By David Shepardson and Tracy Rucinski
WASHINGTON/CHICAGO (Reuters) – Boeing Co is making “steady progress” on the path to certifying a software update to the grounded 737 MAX and has made the final test flight before a certification flight, its chief executive said on Wednesday.
Boeing’s newest 737 model, the MAX, was grounded worldwide in March following two fatal crashes, one on Lion Air in Indonesia on Oct. 29 and another on Ethiopian Airlines on March 10, which together killed all 346 on board.
Battling its biggest crisis in years, the world’s largest aircraft manufacturer is under pressure to convince global regulators that the aircraft can be safely recertified to fly again.
“We are making steady progress towards certification,” Boeing CEO Dennis Muilenburg said in a video on his Twitter account.
Standing in front of a 737 MAX plane at Boeing Field in Seattle, Muilenburg said the company had completed on Tuesday the official engineering flight test with the updated software with technical and engineering leaders on board the airplane.
“That was the final test flight prior to the certification flight,” he said.
Boeing is reprogramming 737 MAX software to prevent erroneous data from triggering an anti-stall system that came under scrutiny following the two deadly nose-down crashes.
Muilenburg said he had seen first-hand the new software in its final form operating in a range of flight conditions, adding that his team was committed to making the 737 MAX “one of the safest airplanes ever to fly.”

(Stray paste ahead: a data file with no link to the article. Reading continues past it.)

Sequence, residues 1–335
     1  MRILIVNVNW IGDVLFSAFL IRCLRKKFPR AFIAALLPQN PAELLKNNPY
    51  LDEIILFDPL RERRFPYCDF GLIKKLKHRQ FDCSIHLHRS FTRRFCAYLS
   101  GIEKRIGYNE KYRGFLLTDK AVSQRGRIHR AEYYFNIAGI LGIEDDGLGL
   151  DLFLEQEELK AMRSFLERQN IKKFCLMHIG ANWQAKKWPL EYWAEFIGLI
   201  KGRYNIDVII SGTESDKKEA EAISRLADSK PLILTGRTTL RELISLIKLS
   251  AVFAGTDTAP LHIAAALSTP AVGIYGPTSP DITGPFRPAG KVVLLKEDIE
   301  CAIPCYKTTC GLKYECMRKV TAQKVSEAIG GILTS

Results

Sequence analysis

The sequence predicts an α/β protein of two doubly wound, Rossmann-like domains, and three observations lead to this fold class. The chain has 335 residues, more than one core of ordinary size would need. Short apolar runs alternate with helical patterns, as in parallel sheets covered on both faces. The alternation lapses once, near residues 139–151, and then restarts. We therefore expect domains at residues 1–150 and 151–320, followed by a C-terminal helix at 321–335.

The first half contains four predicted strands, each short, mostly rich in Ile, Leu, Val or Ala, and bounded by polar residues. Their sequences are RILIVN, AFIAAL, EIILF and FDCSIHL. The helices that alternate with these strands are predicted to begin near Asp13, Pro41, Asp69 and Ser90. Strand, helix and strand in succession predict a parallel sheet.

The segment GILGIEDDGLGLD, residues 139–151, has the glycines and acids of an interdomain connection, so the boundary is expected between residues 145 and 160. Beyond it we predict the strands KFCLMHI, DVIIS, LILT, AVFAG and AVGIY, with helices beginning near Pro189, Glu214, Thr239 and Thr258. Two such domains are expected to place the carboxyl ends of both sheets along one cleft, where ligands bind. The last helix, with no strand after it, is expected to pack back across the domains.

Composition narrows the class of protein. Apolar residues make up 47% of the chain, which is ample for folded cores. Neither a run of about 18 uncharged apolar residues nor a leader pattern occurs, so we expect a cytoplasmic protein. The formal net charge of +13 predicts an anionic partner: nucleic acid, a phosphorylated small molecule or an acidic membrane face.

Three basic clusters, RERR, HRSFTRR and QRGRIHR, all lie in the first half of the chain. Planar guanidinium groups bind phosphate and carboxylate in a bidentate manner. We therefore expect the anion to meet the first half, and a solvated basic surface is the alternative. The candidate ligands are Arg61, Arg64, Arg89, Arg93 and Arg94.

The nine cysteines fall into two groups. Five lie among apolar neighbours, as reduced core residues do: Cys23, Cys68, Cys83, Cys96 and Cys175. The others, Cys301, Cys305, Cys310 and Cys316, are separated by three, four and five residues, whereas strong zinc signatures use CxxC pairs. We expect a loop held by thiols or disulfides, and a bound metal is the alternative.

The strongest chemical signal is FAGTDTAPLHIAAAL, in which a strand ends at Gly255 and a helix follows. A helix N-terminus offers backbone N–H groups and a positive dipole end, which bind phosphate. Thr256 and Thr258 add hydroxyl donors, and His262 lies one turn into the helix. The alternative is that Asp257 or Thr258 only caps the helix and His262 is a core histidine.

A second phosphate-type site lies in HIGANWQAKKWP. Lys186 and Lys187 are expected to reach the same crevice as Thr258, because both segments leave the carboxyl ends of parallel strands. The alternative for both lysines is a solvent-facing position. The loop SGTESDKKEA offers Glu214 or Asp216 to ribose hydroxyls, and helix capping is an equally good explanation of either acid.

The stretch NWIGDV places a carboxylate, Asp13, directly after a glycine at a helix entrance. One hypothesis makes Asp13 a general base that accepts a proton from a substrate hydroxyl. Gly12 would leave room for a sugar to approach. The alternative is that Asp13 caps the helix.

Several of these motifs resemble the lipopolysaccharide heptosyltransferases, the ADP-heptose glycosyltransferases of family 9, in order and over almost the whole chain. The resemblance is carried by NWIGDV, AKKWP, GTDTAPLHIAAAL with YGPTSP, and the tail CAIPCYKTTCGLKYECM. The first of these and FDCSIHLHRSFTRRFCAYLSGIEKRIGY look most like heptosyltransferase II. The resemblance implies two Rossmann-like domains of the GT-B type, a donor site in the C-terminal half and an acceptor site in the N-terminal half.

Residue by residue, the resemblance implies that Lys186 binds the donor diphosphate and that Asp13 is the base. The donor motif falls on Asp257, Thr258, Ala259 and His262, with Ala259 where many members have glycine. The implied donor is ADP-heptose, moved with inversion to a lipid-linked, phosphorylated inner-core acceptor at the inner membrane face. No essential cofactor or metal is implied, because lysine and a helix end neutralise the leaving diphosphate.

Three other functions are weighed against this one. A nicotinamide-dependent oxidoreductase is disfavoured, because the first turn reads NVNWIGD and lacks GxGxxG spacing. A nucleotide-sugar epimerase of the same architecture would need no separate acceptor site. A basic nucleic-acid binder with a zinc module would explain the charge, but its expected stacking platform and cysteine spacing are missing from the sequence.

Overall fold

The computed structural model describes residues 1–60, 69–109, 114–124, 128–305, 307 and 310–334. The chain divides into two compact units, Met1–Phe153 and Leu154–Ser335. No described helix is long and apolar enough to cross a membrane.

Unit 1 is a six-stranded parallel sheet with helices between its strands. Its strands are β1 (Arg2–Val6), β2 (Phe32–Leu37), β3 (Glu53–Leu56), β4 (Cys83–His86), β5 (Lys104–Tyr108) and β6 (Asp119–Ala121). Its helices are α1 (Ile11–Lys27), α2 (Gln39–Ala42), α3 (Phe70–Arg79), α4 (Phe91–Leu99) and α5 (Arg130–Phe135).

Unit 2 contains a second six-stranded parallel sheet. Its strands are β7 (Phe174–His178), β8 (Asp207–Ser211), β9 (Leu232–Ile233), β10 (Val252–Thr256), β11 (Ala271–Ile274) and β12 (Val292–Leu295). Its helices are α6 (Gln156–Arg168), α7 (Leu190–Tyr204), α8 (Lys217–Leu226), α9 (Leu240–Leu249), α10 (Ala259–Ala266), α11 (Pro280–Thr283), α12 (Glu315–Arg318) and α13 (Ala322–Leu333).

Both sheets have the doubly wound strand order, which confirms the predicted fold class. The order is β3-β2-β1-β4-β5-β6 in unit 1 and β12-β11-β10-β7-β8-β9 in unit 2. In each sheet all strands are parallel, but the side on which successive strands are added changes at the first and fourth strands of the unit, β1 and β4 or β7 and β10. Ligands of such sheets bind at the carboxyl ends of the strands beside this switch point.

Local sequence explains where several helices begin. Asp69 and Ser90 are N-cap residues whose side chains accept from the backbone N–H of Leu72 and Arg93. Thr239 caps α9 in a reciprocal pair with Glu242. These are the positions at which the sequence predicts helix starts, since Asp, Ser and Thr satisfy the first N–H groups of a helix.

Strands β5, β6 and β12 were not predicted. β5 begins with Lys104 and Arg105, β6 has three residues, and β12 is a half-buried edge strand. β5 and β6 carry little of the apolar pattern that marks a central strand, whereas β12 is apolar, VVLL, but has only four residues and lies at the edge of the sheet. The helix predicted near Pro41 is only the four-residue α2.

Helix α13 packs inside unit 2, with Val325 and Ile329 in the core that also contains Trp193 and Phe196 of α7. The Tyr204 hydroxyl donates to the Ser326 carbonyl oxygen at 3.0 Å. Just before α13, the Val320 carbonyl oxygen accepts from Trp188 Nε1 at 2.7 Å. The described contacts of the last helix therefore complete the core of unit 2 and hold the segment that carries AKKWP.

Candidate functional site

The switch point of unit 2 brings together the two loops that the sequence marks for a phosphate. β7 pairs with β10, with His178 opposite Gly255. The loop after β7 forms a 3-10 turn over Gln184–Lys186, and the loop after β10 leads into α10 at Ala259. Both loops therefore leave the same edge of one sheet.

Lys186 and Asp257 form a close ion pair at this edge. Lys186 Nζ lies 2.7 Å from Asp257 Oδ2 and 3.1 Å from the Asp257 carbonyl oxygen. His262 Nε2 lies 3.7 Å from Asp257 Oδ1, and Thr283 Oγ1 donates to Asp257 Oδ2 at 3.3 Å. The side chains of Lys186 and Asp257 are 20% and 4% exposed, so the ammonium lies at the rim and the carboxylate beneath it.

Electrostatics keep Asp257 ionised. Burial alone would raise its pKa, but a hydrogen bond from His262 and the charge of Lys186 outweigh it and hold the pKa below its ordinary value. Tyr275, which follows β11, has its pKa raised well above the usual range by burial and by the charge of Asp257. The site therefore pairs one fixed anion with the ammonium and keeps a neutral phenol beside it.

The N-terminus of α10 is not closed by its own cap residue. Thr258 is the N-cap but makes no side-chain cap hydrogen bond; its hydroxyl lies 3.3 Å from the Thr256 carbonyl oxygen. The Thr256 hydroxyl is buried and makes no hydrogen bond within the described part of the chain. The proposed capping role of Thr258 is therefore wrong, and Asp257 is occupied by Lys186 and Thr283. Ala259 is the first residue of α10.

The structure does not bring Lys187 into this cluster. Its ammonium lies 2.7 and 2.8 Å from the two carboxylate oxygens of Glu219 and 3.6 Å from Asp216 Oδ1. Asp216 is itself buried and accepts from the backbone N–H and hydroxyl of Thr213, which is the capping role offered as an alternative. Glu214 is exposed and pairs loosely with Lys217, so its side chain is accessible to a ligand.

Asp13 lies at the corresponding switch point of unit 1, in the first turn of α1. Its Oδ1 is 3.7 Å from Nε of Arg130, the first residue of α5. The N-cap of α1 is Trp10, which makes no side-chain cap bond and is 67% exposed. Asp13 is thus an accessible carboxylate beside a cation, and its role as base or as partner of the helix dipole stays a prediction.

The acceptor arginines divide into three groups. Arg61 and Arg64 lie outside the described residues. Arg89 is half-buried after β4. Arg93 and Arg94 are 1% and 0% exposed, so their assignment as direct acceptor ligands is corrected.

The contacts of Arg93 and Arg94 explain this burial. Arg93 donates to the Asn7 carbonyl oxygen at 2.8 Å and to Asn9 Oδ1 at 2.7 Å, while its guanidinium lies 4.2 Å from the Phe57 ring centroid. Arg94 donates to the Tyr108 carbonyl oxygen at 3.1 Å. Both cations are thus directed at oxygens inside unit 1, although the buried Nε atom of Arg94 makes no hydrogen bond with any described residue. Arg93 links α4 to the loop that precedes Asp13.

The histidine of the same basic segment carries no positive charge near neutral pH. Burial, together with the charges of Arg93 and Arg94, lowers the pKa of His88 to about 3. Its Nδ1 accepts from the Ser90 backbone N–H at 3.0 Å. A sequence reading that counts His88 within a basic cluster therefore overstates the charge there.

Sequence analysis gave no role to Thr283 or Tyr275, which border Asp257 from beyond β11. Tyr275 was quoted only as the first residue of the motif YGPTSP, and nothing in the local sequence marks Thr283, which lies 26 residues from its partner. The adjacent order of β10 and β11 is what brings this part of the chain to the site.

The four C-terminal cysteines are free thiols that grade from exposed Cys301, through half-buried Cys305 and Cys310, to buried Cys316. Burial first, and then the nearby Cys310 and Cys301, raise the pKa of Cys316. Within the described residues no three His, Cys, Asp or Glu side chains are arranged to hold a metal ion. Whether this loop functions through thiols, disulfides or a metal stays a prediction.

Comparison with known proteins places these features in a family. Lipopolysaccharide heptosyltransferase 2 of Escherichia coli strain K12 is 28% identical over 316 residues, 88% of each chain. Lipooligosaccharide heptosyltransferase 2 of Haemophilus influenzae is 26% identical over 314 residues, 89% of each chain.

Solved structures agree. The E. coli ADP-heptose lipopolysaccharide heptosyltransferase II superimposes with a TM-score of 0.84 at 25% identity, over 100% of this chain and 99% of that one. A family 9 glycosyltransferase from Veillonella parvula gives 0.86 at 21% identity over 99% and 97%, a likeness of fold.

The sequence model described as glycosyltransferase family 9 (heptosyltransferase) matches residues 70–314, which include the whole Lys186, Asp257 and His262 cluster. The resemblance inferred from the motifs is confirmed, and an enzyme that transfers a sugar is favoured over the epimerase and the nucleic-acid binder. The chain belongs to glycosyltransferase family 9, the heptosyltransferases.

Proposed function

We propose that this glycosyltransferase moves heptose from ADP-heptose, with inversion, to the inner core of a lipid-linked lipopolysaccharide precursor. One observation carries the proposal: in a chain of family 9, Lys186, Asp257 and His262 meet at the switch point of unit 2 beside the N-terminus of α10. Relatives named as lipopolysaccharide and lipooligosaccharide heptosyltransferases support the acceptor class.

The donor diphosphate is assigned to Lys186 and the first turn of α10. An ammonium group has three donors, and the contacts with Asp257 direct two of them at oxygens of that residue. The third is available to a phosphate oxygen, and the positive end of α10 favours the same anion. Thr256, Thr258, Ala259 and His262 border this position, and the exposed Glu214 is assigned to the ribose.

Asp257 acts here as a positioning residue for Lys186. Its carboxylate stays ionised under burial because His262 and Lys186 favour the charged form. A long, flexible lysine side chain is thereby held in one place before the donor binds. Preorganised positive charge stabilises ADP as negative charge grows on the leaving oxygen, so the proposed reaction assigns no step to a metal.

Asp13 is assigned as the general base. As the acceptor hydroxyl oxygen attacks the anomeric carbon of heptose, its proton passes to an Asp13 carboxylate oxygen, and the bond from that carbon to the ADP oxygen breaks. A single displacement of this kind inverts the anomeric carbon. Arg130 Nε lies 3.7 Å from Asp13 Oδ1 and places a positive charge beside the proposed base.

Boeing must deliver the fix to international regulators for their review, which is expected to last about 90 days.
Deliveries of its fastest-selling aircraft remain frozen and airlines have had to cancel thousands of flights heading into the busy Northern Hemisphere summer travel season.
Boeing has orders for about 4,600 of the fuel-efficient, single-aisle MAX models.
Of some 50 MAX customers and operators, Muilenburg said more than 85 percent had experienced the new software in simulator sessions and that 120 737 MAX test flights had been held with more than 230 hours of air time with the new software.
In addition to software certification, international regulators must also decide on new pilot training. Canadian Transport Minister Marc Garneau told Reuters on Wednesday that he thought pilots should receive simulator training rather than computer courses.
Boeing shares, which have lost about 11 percent of their value since the March Ethiopian crash, ended 1.1 percent lower at $377.52 on Wednesday.
(Reporting by David Shepardson in Washington and Tracy Rucinski in Chicago; Additional reporting by Allison Lampert in Montreal; Writing by Jamie Freed; Editing by Christopher Cushing and Peter Cooney)